Everywhere you turn today, someone is asking you about equine herpesvirus. From the neurologic outbreak in Europe to multiple stand-alone and multi-horse occurrences of neurologic, respiratory or abortogenic disease in North America, equine herpesvirus is a hot topic.
In Episode 53 of the Disease Du Jour podcast, we talk to Gisela Soboll Hussey, DVM, MS, PhD, an associate professor in Pathobiology and Diagnostic Investigation at the Michigan State University College of Veterinary Medicine. Dr. Hussey’s research focus is on herpesviral diseases.
- Are we just better at recognizing and testing, or are we actually seeing a global upswing in disease?
Most of those cases have been EHV-1, but a few reports are of EHV-4 infections. How do veterinarians explain the difference to horse owners?
Should veterinarians have a different level of concern depending on whether EHV-1 or EHV-4 is diagnosed?
Why do some horses develop neurologic signs with equine herpesvirus infection and others don’t?What best explains why no manufacturer has an anti-neurologic disease vaccine for equine herpesvirus?
How can veterinarians help protect their patients from disease caused by equine herpesvirus?There are a couple of different types of equine herpesvirus vaccines available for horses currently. What is the difference between the those vaccines given to pregnant mares to prevent abortion (such as Prodigy) and the equine herpesvirus vaccines commonly given to non-pregnant horses?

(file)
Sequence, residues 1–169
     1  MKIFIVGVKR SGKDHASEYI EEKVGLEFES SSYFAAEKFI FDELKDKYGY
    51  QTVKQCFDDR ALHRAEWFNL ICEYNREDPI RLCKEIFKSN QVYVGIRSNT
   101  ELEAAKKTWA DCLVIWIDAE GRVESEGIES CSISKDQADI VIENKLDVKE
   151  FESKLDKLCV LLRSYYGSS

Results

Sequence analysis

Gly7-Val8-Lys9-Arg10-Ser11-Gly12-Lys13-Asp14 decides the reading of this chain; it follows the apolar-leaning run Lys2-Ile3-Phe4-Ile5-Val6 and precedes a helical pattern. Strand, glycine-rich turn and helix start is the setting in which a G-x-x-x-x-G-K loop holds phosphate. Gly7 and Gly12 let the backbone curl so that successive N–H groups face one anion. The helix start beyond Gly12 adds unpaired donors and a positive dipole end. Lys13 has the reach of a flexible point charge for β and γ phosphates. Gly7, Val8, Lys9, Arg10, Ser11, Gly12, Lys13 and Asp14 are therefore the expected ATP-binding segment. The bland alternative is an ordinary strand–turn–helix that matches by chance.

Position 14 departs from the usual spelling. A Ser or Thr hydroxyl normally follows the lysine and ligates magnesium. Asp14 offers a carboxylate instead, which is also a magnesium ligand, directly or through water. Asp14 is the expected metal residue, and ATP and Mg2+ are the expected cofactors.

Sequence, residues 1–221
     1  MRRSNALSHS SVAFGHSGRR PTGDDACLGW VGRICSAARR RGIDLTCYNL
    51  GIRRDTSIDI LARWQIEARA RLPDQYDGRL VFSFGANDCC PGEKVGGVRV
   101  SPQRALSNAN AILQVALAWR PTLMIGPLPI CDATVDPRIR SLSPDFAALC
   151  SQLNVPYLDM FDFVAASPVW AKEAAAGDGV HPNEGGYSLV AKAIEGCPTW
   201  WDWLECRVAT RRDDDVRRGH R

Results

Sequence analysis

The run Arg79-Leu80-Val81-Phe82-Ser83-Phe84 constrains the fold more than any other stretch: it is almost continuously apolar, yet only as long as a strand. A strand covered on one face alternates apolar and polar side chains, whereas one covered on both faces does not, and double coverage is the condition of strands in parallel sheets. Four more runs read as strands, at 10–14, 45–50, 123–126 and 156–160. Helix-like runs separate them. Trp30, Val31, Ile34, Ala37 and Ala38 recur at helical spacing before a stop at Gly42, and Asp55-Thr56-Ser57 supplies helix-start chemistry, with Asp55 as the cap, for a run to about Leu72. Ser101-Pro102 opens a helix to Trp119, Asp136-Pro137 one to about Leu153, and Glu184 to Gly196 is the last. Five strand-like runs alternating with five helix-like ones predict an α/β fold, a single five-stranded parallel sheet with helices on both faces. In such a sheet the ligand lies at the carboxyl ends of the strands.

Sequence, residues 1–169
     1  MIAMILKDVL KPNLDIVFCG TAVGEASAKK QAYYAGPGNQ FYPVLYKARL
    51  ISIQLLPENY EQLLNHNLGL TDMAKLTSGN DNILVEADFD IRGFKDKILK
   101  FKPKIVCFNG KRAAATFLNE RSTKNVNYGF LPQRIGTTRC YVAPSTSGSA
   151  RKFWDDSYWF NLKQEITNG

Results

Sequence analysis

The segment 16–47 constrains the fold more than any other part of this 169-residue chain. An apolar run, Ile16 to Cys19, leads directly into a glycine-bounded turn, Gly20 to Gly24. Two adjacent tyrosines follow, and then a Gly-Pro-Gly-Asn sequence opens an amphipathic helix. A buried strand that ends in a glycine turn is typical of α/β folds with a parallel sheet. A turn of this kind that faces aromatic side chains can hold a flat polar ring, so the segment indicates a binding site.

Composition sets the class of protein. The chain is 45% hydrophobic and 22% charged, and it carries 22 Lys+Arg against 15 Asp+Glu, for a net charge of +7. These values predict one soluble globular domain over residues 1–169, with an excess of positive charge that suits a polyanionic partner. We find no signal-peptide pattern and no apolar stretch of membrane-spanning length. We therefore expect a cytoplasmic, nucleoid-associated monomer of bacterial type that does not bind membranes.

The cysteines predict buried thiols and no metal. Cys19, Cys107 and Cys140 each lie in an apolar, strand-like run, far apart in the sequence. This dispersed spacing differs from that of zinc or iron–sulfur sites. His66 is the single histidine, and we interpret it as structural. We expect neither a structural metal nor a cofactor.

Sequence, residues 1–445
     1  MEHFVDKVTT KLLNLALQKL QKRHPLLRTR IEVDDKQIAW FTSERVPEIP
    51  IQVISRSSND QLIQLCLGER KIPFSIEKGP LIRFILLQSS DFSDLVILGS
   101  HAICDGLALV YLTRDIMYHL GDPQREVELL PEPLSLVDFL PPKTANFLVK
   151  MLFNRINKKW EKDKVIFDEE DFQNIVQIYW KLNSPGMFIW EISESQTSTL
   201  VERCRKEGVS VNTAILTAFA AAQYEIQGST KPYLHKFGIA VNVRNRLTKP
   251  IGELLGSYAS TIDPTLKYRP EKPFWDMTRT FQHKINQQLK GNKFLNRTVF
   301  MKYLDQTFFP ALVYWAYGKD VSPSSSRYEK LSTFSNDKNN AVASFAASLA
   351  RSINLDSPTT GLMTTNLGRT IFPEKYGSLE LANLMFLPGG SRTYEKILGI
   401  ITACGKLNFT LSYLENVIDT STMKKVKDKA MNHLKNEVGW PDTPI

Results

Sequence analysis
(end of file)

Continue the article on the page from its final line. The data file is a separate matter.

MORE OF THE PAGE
We know equine herpesvirus vaccination doesn’t afford complete protection—vaccinated horses CAN still get infected with equine herpesvirus. What are the benefits of vaccinating horses against EHV and how to veterinarians explain those benefits to their clients?
There are a couple of different types of equine herpesvirus vaccines available for horses currently. What is the difference between the those vaccines given to pregnant mares to prevent abortion (such as Prodigy) and the equine herpesvirus vaccines commonly given to non-pregnant horses?
What best explains why no manufacturer has an anti-neurologic disease vaccine for equine herpesvirus?
What are your thoughts about the suggestion that vaccinated horses might be at higher risk for neurologic disease?
Dr. Soboll Hussey, you’ve done some research recently looking at a modified-live equine influenza vaccine (FluAvert) and how it might protect a horse against equine herpesvirus infection. Can you tell us a little bit about that?What are your thoughts about the suggestion that vaccinated horses might be at higher risk for neurologic disease?
The following links were provided by Dr. Soboll Hussey for those wanting to read additional research:
Zarski, L.M.; Giessler, K.S.; Jacob, S.I.; Weber, P.S.; McCauley, A.G.; Lee, Y.; Soboll Hussey G. Identification of host factors associated with the development of equine herpesvirus myeloencephalopathy in horses by transcriptomic analysis of peripheral blood mononuclear cells. Viruses. 2021, 13(3), 356; https://doi.org/10.3390/v13030356
Soboll Hussey G. Key determinants of EHV-1 and EHV-4 pathogenesis. Invited guest editorial, Veterinary Pathology, August 2019. https://doi.org/10.1177/0300985819849498
Soboll Hussey G, Osterrieder N, Azab W. Equine Herpesviruses. In: Encyclopedia of Virology, 4’th edition. Granoff A, Webster RG. Elsevier, 2019
Pusterla, N. & Soboll Hussey, G. Equine Herpesvirus-1 Myeloencephalopathy. In: Veterinary Clinics of North America: Equine Practice, New Perspectives in Infectious Diseases, Volume 30. Mealey, RH. Elsevier, 2014. (An updated version of this chapter is expected in 2021).
For a full list see: https://cvm.msu.edu/directory/hussey. This site also contains a link to google scholar.
If you have suggestions or comments please contact Kimberly S. Brown at firstname.lastname@example.org.